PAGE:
The present invention further relates to a method of preparing a friction material, which method is characterized in that a mixture comprising 13-22 vol.-% iron fibres, 13-22 vol.-% of iron particles having a particle size between 10 and 400 μm, 40-70 vol.-% of graphite particles having a particle size between 25 and 3000 μm, and 10-15 vol.-% of metallic binder is compressed at a pressure of at least 100 MPa so as to form a compact having a desired form and size, and that the compact formed is sintered at a temperature between 800 and 1140 C. for a sufficiently long period of time to achieve concretion of iron fibres, iron particles and metallic binder.

Optionally, iron fibres, iron particles and metallic binder can be mixed prior to these components being mixed with the graphite particles.

When Al2 O3 is to form part of the mixture of starting materials, it is preferred to disperse Al2 O3 in water and to mix the dispersion thus formed with the graphite particles, and to remove the water from the mixture prior to it being mixed with the other components.

The mixture of graphite particles and Al2 O3 may expediently be added with a minor amount, e.g. 1-3 weighit-%, of an oil, such as a vegetable oil, prior to the mixing with the other components.

In the following the invention is described in more detail with reference to the example below.

EXAMPLE

22 cm3 of iron fibres, 22 cm3 of iron particles having an average particle size of 100 μm, and 15 cm3 of bronze powder having a melting point of 1040 C. were mixed in a V-mixer with internal rotor for about 10 min.

1 cm3 of Al2 O3 particles were added to 100 cm3 of water, and the mixture thus formed was subjected to an ultrasonic treatment so as to form a homogeneous dispersion. The dispersion was mixed with 40 cm3 of graphite particles having an average particle size of 300 μm, following which the water was removed by evaporation in an oven.

The mixture of graphite and A12 O3 particles thus obtained was added with 2 weight-% of vegetable oil, and the composition was mixed until an even distribution of the Al2 O3 particles on the graphite particles had been obtained. The mixture of graphite particles, Al2 O3 particles and vegetable oil, and the mixture of iron fibres, iron particles and bronze powder were mixed in a V-mixer, internal rotor not being used for the first 5 min, and internal rotor being used for the succeeding 2 min.

The mixture thus obtained was pressed into briquettes having the dimensions 492 in a single-axis press and at a pressure of 300 MPa.

The green compacts obtained were then sintered in an oven in an atmosphere of H2 and N2. The compacts were first sintered at 700 C. for 0.5 h, and then at 1100 C. for 0.75 h. Finally, the sintered compacts were cooled to room temperature in an atmosphere of H2 and N2 for a period of time of 0.75 h.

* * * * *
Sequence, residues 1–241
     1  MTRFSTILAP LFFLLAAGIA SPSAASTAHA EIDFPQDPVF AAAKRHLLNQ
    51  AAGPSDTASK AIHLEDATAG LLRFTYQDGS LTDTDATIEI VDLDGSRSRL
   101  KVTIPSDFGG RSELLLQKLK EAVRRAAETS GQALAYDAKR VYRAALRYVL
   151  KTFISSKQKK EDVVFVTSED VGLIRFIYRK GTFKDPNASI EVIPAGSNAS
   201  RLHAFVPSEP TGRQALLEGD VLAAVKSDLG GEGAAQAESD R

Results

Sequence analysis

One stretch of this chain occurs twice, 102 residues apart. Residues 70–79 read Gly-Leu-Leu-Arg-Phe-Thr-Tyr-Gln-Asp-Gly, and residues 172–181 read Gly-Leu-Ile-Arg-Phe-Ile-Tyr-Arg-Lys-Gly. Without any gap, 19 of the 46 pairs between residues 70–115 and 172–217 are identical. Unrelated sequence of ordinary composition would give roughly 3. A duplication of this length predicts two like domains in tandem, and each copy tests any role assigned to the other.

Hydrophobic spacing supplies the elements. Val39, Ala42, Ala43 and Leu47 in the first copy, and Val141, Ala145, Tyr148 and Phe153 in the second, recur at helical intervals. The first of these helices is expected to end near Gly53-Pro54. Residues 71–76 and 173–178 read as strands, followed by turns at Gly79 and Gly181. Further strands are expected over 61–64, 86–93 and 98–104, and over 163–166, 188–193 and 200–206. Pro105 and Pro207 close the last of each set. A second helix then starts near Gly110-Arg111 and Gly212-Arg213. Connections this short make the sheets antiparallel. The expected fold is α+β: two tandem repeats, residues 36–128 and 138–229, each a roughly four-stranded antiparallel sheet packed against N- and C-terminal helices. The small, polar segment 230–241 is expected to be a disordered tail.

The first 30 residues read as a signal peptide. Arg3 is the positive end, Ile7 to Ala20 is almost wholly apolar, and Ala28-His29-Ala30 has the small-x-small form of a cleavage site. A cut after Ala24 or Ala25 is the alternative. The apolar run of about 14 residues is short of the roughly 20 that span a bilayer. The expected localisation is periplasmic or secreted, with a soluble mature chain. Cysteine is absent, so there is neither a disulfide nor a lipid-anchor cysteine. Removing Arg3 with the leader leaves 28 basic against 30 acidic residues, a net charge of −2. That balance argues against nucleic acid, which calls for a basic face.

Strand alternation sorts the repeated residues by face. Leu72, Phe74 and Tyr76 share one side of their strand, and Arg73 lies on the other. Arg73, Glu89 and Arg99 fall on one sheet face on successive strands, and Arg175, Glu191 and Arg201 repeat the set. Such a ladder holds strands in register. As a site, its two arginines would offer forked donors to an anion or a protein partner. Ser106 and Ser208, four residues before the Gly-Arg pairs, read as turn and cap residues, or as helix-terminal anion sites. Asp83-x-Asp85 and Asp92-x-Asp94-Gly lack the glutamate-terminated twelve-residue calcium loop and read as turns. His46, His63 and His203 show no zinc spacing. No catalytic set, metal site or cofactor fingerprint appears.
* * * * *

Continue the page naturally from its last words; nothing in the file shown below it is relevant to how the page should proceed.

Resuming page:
The sintered compacts thus obtained were mounted on a steel plate, and the product thus obtained could hereafter be used for brake linings.

Patent Citations
Cited PatentFiling datePublication dateApplicantTitle
US3835118 *May 14, 1973Mar 10, 1987 Title not available
US4415363 *May 3, 1982Nov 15, 1983The Bendix CorporationSintered iron base friction material
US5096661 *Apr 2, 1991Mar 17, 1992Raybestos Products CompanyVapor infiltration, alloying
US5266395 *Jan 17, 1992Nov 30, 1993Sumitomo Electric Industries, Ltd.Friction material for making brake pads
US5501728 *Jul 22, 1994Mar 26, 1996Brake Pro, Inc.Friction material
Non-Patent Citations
Reference
1EPODOC/EPO, CN1079973 A 19931229, "Drilling Rig Skate Brake-Block . . . Method" of Yimeng Braking Material Factory (CN).
2 *EPODOC/EPO, CN1079973 A 19931229, Drilling Rig Skate Brake Block . . . Method of Yimeng Braking Material Factory (CN).
3EPODOC/EPO, CN1110286 A 19951018, "High Temp. Resistance Non-Asbestos Friction Material" of Liu Junya (CN).
4 *EPODOC/EPO, CN1110286 A 19951018, High Temp. Resistance Non Asbestos Friction Material of Liu Junya (CN).
Referenced by
Citing PatentFiling datePublication dateApplicantTitle
WO2005091994A2 *Mar 17, 2005Oct 6, 2005Walter J SmithTurbine brush seal
Classifications
U.S. Classification75/229, 75/230, 75/246, 419/24, 419/38
International ClassificationC22C32/00, F16D69/02, C09K3/14
Cooperative ClassificationC22C32/0084, F16D69/028
European ClassificationF16D69/02E2, C22C32/00E
Legal Events
DateCodeEventDescription
Dec 30, 2008FPExpired due to failure to pay maintenance fee
Effective date: 20081107
Nov 7, 2008LAPSLapse for failure to pay maintenance fees
May 19, 2008REMIMaintenance fee reminder mailed
Apr 27, 2004FPAYFee payment
Year of fee payment: 4
Feb 11, 2003ASAssignment
Owner name: ROULUNDS BRAKING (DENMARK) A/S, DENMARK
Free format text: ASSIGNMENT OF ASSIGNORS INTEREST;ASSIGNOR:A/S ROULUNDS FABRIKER;REEL/FRAME:013746/0962
Effective date: 20030114
Owner name: ROULUNDS BRAKING (DENMARK) A/S HESTEHAVEN 51, HJAL
May 20, 1999ASAssignment
Owner name: A/S ROULUNDS FABRIKER, DENMARK
Free format text: ASSIGNMENT OF ASSIGNORS INTEREST;ASSIGNORS:KRAEMER, OLE;BRAMSO, NIELS;SIMONSEN, ERIK;AND OTHERS;REEL/FRAME:009969/0896;SIGNING DATES FROM 19990313 TO 19990319
Owner name: VOLVO TRUCK CORPORATION, SWEDEN